This study examines selective exposure and selective avoidance on social media during the 2020 presidential election. 147 voters participated in the survey conducted using Qualtrics. The purpose of this study was to understand whether selective exposure and avoidance behaviors differed based on voting outcome (Trump or Biden), and to test whether political ideological polarization was reflected in news consumption through social media. Taken together, the results indicate that although both voting bases engaged in selective exposure and avoidance, the propensity was the same between Trump and Biden voters. Additionally, results confirm existing hypotheses that the strength of political ideology positively correlates with selective exposure. However, results challenge whether there is a relationship between the strength of political ideology and selective avoidance. Taken together, this study contributes to existing literature by providing preliminary evidence that, during the 2020 presidential election, polarization between members of political parties was reflected on social media through both news consumption and disengagement with attitude-incongruent information.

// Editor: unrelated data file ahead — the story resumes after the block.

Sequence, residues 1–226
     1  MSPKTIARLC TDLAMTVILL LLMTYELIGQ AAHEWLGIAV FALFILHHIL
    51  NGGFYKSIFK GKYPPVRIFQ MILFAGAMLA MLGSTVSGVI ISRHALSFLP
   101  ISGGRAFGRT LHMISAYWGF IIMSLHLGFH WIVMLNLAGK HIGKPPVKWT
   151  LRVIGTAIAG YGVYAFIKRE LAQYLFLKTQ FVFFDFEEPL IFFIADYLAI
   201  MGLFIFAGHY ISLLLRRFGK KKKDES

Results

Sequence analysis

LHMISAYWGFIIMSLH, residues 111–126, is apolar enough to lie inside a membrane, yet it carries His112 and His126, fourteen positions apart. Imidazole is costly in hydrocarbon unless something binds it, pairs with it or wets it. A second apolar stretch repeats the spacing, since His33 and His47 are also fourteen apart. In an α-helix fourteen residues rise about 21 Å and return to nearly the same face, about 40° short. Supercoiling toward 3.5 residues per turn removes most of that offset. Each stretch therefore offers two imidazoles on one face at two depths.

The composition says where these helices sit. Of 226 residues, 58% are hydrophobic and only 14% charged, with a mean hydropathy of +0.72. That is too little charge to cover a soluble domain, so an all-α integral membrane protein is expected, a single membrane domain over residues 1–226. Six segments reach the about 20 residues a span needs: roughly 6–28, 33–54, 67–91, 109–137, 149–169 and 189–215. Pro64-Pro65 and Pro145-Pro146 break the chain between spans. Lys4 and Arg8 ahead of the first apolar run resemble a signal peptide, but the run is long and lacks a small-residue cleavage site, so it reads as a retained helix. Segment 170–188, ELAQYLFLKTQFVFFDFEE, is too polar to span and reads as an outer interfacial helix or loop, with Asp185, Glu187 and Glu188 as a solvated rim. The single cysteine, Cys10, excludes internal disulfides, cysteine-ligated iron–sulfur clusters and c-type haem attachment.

Date of Degree
Master of Arts (MA)
Communication Studies Department
Humanities and Social Sciences
Lemon, G. (2023). Partisan selective exposure on social media during the 2020 presidential election [Master’s thesis, Minnesota State University, Mankato]. Cornerstone: A Collection of Scholarly and Creative Works for Minnesota State University, Mankato. https://cornerstone.lib.mnsu.edu/etds/1299/
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